The goal of this review is to provide an overview of the biological
control of voluntary exercise and spontaneous physical activity
(SPA) in relation to total daily energy expenditure (DEE), food
consumption and obesity in humans and laboratory rodents. In so
doing, we bring together areas of the literature that rarely overlap,
even though are clearly relevant to one another.
By biological control we mean that, in a given environment,
two individuals will exhibit an innately different behavioural or
physiological state, or will respond differently to a change in that
environment. In this context, environment refers to all external
and internal factors that influence (and alter) development and
functioning within an individual from fertilization (formation of
the zygote), or even before. Such an idealized definition of
biological control is essentially impossible to make operational
because we cannot ensure that the environment is 100% identical
for multiple individuals. Nonetheless, careful experimental and/or
statistical control can allow us to probe the extent of biological
control in various behavioural or physiological phenotypes.
Considerable evidence, reviewed below, demonstrates that both
voluntary exercise and SPA are under substantial biological
control in both humans and rodents (Rowland, 1998; Thorburn
and Proietto, 2000; Eisenmann and Wickel, 2009; Swallow et al.,
2009; Feder et al., 2010). However, few studies have examined
the relationship between voluntary exercise and SPA, especially
in rodents, in spite of the fact that compensatory interactions
between voluntary and spontaneous activity could have major
implications for overall energy expenditure. For many phenotypes,
the effects of genetic variation among individuals play a major
role in biological control, so we also briefly review the evidence
The Journal of Experimental Biology 214, 206-229
© 2011. Published by The Company of Biologists Ltd
The biological control of voluntary exercise, spontaneous physical activity and daily
energy expenditure in relation to obesity: human and rodent perspectives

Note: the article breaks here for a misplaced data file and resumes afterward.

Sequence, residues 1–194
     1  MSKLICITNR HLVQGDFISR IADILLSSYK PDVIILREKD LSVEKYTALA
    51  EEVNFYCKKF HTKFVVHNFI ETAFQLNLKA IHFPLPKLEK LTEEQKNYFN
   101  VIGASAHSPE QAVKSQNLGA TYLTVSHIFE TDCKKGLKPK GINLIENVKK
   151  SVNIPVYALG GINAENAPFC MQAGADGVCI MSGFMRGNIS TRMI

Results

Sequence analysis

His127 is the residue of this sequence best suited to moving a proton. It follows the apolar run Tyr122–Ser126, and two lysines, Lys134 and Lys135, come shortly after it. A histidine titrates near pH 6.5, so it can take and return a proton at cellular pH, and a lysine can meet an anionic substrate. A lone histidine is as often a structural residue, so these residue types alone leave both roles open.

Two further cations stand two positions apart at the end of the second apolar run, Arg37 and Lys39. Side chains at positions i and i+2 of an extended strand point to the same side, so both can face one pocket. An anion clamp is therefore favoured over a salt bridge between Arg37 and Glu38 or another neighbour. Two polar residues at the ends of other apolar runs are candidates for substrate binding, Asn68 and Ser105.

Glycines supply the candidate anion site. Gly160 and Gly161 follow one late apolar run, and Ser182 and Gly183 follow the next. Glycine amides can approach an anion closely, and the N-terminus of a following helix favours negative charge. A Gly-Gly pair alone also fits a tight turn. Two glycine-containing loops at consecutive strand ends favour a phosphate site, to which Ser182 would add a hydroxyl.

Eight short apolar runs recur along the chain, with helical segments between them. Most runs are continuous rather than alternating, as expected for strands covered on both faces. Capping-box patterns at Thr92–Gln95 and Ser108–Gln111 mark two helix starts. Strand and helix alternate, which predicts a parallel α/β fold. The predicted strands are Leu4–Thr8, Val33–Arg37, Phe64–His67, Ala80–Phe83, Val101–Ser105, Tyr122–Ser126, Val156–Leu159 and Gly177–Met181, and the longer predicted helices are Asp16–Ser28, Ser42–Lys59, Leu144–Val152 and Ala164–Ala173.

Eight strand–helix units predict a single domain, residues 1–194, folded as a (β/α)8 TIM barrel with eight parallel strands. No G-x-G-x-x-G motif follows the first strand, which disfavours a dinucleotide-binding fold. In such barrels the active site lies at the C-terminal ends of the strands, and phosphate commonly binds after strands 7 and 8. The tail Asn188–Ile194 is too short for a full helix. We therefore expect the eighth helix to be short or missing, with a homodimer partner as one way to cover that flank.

Theodore Garland, Jr1,*, Heidi Schutz1, Mark A. Chappell1, Brooke K. Keeney1, Thomas H. Meek1,
Lynn E. Copes2, Wendy Acosta1, Clemens Drenowatz5, Robert C. Maciel1, Gertjan van Dijk4,
Catherine M. Kotz3and Joey C. Eisenmann5
1Department of Biology, University of California, Riverside, CA 92521, USA, 2School of Human Evolution and Social Change,
Arizona State University, AZ 85287, USA, 3Minneapolis VA Medical Center and University of Minnesota, One Veterans Dr,
Minneapolis, MN 55417, USA, 4Center for Behavior and Neurosciences, Neuroendocrinology Unit, University of Groningen,
Kerklaan 30, 9751 NN Haren, The Netherlands and 5Departments of Kinesiology and Pediatrics & Human Development,
Michigan State University, MI 48824, USA
*Author for correspondence (firstname.lastname@example.org)
Accepted 4 November 2010
Mammals expend energy in many ways, including basic cellular maintenance and repair, digestion, thermoregulation, locomotion,
growth and reproduction. These processes can vary tremendously among species and individuals, potentially leading to large
variation in daily energy expenditure (DEE). Locomotor energy costs can be substantial for large-bodied species and those with
high-activity lifestyles. For humans in industrialized societies, locomotion necessary for daily activities is often relatively low, so
it has been presumed that activity energy expenditure and DEE are lower than in our ancestors. Whether this is true and has
contributed to a rise in obesity is controversial. In humans, much attention has centered on spontaneous physical activity (SPA)
or non-exercise activity thermogenesis (NEAT), the latter sometimes defined so broadly as to include all energy expended due to
activity, exclusive of volitional exercise. Given that most people in Western societies engage in little voluntary exercise,
increasing NEAT may be an effective way to maintain DEE and combat overweight and obesity. One way to promote NEAT is to
decrease the amount of time spent on sedentary behaviours (e.g. watching television). The effects of voluntary exercise on other
components of physical activity are highly variable in humans, partly as a function of age, and have rarely been studied in
rodents. However, most rodent studies indicate that food consumption increases in the presence of wheels; therefore, other